You’ve Invested in a Price Optimization Solution Now It’s Time to Select the Data Provider
Finally, retail grocers have the pricing optimization software they need to increase margins and gain a shoppers trust. So what’s the hold-up?
The Technology Has Evolved, So Should the Data
Pricing optimization software companies like Revionics, dunnhumby, and PROS let retail grocers leverage predictive analytics to make price changes in real time — which the industry is starting to buy in. For so long, grocers had to make decisions about all their products, in all their stores, in a given region with excel spreadsheets and intuition. It was like moving a glacier. And they were as likely to cost themselves some marginal gains as to make them. But with today’s pricing technology and analytics, retailers can adjust prices with near surgical precision, trimming the cost and eking out higher margins on every item.
That should mean we’ve reached a golden age of retail pricing. Unfortunately, even if grocers are utilizing a price optimization solution, they aren’t always receiving the necessary amount of data from their competitive pricing collection partner as needed. Over the past year, we have seen a variety of categories grow and shrink in multiple markets, making it tough to keep tabs on the competition. We’ve even seen some grocers cut their items in a category by 50%, while other grocers in the same market, unaware of the change, continued to price against those nonexistent items. The cause of these pricing issues is more than just bad data, but bad competitive data practices.
As the technology has evolved, the data collection practices that fuels these pricing solutions needs to evolve as well. We’ve identified three key issues affecting the pricing data and wanted to share our two cents.
- The frequency of checks is too slow: As the items in the categories continue to revolve, the price capture cycle needs to speed up. Previously one month or six weeks would allow retailers to gain accurate visibility into a competitor’s pricing strategy; but with the available technology, prices change weekly. Retailers need to keep up and should reevaluate the frequency of their competitive price checks to ensure they are receiving accurate prices to analyze.
- Stop limiting incoming data with family pricing: Some retailers try to expedite the process of data collection, and save a few cents, by requesting family pricing collections. So instead of having a variety of flavors and sizes in an entire product line, analysts are only seeing one item and one price for that retailer. The problem with this tactic is that not all items in that family share the same price. These discrepancies make it difficult to summarize the prices on the shelf, leaving the pricing analyst to make assumptions. Historically the family pricing approach avoided data overload, but with today’s pricing solutions it should not be needed.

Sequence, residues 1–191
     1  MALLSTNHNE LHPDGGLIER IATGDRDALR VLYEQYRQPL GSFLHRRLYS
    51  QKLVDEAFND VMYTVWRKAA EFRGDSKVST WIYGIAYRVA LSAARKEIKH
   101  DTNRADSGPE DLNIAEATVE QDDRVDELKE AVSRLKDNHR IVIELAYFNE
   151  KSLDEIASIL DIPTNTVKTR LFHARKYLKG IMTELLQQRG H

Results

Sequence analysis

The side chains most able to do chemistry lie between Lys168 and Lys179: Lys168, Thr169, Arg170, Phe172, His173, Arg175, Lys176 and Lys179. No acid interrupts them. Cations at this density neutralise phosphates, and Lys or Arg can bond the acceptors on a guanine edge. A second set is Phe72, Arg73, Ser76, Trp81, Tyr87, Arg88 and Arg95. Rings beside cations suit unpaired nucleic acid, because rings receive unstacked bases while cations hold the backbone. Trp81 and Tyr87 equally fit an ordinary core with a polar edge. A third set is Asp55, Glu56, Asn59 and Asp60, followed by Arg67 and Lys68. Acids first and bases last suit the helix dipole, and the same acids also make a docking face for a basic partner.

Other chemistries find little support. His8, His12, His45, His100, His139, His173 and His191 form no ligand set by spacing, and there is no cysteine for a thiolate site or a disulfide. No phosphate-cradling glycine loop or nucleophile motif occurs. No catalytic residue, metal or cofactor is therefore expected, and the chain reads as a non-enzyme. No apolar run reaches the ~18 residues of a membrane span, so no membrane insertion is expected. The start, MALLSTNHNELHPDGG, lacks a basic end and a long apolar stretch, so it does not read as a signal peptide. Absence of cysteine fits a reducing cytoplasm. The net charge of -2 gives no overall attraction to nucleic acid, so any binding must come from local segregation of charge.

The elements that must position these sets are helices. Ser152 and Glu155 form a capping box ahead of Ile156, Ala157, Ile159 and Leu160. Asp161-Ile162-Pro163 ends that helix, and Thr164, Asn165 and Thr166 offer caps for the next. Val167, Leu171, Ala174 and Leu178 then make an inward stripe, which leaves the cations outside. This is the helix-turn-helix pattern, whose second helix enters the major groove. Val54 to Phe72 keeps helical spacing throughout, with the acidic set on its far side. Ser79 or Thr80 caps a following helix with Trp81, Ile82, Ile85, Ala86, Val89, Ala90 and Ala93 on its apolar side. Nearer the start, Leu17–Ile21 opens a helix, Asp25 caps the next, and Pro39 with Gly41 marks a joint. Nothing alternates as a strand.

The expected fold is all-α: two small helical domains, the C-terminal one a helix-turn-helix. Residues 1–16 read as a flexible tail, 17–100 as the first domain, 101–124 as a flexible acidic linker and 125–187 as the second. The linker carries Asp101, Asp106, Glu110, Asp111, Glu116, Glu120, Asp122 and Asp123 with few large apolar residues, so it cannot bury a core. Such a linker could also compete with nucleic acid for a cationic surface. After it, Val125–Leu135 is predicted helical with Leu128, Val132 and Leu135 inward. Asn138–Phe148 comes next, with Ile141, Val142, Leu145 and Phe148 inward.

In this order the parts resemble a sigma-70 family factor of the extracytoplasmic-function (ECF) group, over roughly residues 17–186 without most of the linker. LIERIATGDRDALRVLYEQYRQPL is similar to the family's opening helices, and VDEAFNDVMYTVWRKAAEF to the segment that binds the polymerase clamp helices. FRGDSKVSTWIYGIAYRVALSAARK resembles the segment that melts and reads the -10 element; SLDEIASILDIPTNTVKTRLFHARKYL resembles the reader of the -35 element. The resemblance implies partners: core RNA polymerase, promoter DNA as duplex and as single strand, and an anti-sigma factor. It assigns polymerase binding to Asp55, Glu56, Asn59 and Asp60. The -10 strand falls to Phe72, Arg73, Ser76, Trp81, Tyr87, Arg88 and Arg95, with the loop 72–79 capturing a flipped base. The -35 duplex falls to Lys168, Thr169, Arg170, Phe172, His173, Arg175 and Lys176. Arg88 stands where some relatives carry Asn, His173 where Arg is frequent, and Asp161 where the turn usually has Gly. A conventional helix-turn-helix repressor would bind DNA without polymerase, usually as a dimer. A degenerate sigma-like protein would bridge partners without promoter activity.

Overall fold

- The secondary price point is still valuable: The lowest price or active price points are the most important data point, no retailer will argue that. But some retail grocers don’t utilize the original price in their analytics, making it impossible to know what the actual discount margin was. Pricing data is there to help the analyst understand price trends, including the pricing delta discount and the frequency of the discounts. As the software gets more advance these historical data points will become more and more valuable to help understand competitors’ pricing models and help create better predictive analytics.
So Why Is Price Optimization so Important?
As a shopper wanders the aisles, they are constantly comparing prices, either on their phones or subconsciously. If it turns out that the majority of the items in their cart are 10% to 15% more expensive at one retailer or grocer than another, they draw an immediate conclusion that they are getting a “bad deal”. They start putting items back on the shelves and make a beeline out the door and search for a better deal.
More than a Lost Opportunity but a Lost Shopper
And you can’t blame them, they’re making strategic, of the minute decisions to cut their cost margins, based on the latest data available to them. CPG companies and retailers do the same but have more sophisticated costing models and resources. With this advantage, it’s up to the retailers to keep their pricing in line and provide reassurance to the shopper that they are getting the best deal.
To some degree, having a sophisticated pricing system without using the optimal data available is like buying a fancy computer without the software. Without the data, the pricing solutions are marginally useful, at best. Retailers have an opportunity to leap forward in their precision and their profits. Now’s the time to do it!
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